Half-smart turbo trainers

In between the two mentioned above are what are best described as half-smart trainers. These still have electronics built-in, and they still talk to your device in order to share real-time data, but they can't receive commands.

Therefore, the app cannot control the resistance of your trainer, so 'ERG mode' isn't available.

These will usually sit at the middle point in price.

 

Rollers

The alternative option is a set of rollers. These don't fix your bike in place, but instead, your bike simply balances on the rollers in the same way it stays upright on the road. This means they require more mental focus to ensure you don't simply ride off the side and you need a good amount of practice before you can put out big power on them. It's still harder to ride out of the saddle, so rollers are probably limited to longer endurance efforts, rather than maximum power sprints.

Where they come into their own is building core stability and leg speed. Given you're not bolted in place, you'll use more of your stabilisation muscles to keep yourself upright. Leg speed is useful for early-season training and is also great for sprinters.

 

To keep you motivated and entertained along the way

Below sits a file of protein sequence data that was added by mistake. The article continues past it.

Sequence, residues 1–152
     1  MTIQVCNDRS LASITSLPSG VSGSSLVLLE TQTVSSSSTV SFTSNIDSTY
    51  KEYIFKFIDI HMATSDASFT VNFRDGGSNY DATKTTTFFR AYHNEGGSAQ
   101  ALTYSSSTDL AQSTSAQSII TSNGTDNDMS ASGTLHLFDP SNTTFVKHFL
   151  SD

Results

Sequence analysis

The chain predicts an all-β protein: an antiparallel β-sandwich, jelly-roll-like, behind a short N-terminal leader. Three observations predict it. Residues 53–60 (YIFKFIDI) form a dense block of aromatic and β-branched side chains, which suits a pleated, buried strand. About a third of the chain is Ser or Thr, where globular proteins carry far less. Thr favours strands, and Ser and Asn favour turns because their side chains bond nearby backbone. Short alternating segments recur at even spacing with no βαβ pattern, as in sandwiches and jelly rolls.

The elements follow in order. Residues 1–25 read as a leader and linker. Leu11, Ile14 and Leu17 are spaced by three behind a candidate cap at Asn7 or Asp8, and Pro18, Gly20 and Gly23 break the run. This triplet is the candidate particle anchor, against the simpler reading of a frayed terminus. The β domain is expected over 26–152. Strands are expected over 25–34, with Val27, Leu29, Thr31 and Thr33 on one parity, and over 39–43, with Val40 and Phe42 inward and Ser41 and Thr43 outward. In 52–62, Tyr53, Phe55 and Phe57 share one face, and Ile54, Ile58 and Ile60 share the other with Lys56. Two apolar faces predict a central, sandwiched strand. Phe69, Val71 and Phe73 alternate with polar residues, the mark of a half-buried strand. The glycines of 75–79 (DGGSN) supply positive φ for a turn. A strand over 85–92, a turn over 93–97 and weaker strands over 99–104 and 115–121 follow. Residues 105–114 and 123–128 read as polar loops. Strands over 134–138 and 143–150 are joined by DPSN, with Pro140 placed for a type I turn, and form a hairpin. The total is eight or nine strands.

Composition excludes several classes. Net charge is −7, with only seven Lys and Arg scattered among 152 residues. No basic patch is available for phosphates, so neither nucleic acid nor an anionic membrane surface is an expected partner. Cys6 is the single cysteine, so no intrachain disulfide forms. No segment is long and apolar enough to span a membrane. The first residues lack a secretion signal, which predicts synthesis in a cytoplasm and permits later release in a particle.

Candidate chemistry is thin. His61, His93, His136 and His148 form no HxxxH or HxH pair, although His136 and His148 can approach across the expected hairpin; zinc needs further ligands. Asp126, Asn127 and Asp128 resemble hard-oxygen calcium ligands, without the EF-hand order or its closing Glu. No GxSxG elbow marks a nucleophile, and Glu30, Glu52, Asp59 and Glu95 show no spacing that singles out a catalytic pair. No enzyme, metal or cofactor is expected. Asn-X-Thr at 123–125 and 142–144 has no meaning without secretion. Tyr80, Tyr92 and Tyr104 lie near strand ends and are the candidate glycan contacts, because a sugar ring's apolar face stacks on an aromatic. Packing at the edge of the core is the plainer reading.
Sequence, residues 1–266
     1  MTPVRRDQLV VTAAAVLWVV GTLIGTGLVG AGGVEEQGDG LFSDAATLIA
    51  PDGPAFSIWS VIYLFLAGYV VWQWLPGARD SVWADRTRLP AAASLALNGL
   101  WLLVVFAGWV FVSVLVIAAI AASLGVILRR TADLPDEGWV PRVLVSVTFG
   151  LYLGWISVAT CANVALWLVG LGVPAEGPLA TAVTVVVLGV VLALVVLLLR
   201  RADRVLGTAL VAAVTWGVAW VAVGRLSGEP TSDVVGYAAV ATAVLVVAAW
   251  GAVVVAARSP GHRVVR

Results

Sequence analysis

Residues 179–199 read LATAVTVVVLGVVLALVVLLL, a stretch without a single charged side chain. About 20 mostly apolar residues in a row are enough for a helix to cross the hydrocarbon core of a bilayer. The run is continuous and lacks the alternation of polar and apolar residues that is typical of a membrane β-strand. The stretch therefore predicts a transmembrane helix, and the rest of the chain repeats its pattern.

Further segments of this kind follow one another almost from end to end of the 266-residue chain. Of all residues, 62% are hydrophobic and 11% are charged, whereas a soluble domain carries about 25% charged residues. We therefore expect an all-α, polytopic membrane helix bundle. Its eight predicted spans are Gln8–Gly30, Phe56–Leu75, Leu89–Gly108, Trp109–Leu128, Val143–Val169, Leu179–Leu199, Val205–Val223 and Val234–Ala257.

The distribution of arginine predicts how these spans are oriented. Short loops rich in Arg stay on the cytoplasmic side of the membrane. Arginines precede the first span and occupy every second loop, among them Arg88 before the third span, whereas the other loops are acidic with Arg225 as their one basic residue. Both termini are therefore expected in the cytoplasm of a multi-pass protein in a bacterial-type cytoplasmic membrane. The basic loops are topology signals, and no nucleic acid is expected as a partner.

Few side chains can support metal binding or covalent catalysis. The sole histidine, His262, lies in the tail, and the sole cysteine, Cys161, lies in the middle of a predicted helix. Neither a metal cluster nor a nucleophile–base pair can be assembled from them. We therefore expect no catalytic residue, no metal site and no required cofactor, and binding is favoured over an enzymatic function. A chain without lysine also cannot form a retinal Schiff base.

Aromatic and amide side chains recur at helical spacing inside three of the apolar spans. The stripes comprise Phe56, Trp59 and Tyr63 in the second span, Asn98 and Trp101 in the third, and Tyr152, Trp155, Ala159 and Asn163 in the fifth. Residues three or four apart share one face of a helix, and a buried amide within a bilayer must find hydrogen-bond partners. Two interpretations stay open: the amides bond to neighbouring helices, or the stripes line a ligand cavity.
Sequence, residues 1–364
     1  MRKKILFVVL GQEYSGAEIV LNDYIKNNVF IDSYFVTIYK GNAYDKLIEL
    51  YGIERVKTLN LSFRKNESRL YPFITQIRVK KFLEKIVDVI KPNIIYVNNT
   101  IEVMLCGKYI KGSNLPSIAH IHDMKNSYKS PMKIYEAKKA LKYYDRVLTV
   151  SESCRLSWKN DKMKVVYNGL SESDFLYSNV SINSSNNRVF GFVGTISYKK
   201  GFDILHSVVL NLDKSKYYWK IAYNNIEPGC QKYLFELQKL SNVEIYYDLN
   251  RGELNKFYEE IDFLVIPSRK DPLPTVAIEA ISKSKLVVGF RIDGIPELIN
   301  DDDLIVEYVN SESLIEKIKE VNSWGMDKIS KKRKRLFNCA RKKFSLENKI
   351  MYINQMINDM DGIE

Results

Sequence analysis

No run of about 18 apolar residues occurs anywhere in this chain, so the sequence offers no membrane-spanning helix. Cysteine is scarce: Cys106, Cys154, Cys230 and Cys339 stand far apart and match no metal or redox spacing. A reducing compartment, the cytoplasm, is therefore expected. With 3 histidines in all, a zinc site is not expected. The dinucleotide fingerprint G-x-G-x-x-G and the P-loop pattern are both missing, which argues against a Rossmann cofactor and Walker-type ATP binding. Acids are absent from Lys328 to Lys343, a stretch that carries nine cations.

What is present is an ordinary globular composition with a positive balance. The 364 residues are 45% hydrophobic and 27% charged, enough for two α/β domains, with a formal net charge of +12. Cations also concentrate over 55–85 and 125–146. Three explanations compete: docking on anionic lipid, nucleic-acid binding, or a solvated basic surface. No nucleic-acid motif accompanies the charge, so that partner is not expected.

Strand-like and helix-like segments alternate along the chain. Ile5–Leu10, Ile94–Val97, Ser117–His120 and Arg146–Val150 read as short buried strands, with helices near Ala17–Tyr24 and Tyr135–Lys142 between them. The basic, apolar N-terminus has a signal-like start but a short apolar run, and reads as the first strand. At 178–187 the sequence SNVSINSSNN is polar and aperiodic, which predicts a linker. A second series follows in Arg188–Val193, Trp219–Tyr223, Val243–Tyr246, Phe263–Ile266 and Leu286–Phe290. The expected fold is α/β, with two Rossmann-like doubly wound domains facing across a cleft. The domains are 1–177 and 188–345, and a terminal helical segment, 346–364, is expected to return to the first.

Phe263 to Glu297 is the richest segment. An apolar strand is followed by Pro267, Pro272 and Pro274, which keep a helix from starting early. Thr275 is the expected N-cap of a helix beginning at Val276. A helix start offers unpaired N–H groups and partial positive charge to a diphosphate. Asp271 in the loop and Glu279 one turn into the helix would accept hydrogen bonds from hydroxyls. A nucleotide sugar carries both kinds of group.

Modern technology has given us the chance not to stare at a brick wall while we aimlessly pedal fast but go nowhere. Neither are we forced  to watch our heart rate or power data. Instead, with the advent of smart turbo trainers came the subsequent rise of applications such as:

TrainerRoad, for example, is an all-in-one training platform in which you can build your own training plan based on your goals, then follow structured sessions to help you get there.

Zwift, on the other hand, offers a comprehensive package for indoor cycling. There are virtual 'worlds', in-built workouts, and organised group rides and races, as well as challenges that enable you to unlock faster bikes and new kits. Plus, you can 'meet up' with your friends and ride together.

We have reviewed ‘’Rouvy’’ app in one of our previous blogs as well. You can read about it here.